Extended Health Benefits (EHB): EHB has several components to consider such as: Drugs, Medical Supplies, Professional Services, Ambulance, Out of Country travel insurance, and Eye Glasses.
  • Drugs: The cost of prescribed drugs is escalating and this is probably the number 1 benefit that employees are looking for. These plans can be set up several ways. They can have an annual deductible. They can have a co-insurance where the cost of prescriptions are covered up to a certain percentage (70, 80, 90%) or with a deductible per prescription such as $10 or the amount of the dispensing fee. There are several options to consider. They can have a spending cap of x dollars per year. This is one way to have some future cost containment.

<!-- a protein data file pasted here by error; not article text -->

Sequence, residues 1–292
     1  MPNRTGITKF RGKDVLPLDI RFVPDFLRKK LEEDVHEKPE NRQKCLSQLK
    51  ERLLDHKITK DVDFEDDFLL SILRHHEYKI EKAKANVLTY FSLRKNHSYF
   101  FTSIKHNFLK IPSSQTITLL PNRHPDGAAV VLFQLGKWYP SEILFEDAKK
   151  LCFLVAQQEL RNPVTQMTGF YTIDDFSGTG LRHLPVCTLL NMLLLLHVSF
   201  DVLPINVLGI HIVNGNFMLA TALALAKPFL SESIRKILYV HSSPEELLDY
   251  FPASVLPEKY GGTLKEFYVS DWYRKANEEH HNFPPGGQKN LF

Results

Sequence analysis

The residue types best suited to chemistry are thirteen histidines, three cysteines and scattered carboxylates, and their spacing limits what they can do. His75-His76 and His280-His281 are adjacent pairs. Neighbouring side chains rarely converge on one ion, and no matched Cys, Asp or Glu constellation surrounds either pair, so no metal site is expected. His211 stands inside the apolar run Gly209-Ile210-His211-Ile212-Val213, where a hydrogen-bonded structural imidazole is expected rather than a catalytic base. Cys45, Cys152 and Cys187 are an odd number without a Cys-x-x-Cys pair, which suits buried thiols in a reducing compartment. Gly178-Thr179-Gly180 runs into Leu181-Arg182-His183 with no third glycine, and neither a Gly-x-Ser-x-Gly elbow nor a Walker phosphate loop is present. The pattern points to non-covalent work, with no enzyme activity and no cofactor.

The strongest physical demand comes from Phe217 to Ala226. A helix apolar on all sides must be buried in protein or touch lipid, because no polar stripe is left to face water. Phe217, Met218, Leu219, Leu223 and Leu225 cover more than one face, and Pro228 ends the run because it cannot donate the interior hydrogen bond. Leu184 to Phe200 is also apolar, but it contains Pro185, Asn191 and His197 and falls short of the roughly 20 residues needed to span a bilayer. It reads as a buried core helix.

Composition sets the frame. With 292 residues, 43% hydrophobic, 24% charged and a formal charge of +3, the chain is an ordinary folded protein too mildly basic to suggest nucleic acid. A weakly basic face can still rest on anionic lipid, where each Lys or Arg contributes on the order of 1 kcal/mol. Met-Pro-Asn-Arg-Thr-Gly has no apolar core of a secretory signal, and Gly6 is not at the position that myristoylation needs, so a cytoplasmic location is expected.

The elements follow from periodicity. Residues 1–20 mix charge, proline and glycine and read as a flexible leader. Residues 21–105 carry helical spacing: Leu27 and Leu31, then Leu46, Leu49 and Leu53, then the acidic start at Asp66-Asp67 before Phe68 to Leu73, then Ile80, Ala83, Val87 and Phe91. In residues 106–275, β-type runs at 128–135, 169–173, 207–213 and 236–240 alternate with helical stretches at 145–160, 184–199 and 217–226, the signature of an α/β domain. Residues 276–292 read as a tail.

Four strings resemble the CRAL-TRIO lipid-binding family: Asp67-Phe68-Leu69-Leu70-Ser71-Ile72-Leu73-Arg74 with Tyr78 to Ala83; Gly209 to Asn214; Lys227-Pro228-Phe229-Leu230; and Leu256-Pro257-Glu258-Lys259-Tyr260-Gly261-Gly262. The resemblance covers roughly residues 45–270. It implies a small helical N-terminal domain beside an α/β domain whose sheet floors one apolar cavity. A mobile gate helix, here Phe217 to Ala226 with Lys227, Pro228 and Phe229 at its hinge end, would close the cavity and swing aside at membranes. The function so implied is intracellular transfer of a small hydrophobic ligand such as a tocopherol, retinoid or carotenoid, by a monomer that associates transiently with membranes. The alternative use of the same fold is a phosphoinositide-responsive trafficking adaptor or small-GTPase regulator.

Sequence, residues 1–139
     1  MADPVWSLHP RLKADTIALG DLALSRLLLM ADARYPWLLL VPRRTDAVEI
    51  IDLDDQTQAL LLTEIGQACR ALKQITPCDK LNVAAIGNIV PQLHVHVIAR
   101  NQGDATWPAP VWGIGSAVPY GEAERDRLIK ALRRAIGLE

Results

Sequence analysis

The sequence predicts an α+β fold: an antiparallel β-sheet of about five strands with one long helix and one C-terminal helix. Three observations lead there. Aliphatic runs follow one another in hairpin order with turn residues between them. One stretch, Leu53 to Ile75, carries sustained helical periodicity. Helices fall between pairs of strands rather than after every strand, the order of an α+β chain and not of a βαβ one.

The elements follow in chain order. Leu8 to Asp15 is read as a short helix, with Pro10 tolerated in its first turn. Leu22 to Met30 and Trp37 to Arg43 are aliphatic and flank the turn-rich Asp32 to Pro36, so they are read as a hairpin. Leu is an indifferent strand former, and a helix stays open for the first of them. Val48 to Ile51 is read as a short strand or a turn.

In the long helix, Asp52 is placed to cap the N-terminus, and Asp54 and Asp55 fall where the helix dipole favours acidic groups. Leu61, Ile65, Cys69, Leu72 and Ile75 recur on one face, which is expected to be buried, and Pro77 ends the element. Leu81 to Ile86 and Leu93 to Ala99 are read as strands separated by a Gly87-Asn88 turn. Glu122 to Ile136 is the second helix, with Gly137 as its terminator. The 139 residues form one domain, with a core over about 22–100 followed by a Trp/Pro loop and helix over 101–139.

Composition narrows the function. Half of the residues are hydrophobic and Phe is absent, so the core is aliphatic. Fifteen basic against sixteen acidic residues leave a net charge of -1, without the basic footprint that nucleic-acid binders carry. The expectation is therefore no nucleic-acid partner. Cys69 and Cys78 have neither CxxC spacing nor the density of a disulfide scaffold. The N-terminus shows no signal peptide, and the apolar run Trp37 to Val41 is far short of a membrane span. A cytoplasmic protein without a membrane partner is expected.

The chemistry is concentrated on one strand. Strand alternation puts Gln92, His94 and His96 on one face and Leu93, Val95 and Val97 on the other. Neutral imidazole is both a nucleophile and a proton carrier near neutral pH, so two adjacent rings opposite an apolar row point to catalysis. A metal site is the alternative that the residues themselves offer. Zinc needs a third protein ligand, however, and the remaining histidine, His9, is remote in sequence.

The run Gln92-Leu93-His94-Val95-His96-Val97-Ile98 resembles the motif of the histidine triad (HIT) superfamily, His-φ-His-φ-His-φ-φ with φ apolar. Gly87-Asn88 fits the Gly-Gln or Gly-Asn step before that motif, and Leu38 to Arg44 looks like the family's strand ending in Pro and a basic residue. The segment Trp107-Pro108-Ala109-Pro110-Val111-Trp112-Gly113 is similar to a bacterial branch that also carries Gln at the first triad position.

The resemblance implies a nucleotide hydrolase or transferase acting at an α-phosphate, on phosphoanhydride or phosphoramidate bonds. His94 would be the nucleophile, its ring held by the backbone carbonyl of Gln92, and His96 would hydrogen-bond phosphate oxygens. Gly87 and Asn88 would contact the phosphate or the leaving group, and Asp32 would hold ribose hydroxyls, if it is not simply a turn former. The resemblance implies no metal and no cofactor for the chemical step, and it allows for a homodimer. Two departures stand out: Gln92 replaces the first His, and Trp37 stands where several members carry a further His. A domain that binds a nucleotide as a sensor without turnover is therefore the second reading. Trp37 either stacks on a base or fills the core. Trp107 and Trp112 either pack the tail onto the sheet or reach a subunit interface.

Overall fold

• Medical Supplies: This benefit covers things that OHIP does not cover such as Walking Casts, Diabetic Supplies etc.
  • Professional Services: Optometrists, Chiropractors, Massage Therapy, Chiropodists, Speech Therapists and other professionals are often covered under this benefit. It is common to have spending caps on these on either a per profession basis or as an overall benefit maximum per year.
  • Private Duty Nursing: Many plans are offering a stipend to assist an employee when they are at home and need extra nursing care. Many of these plans offer up to $5000 or $10,000 per year.
  • Ambulance: Many plans are offering coverage for land or air ambulance.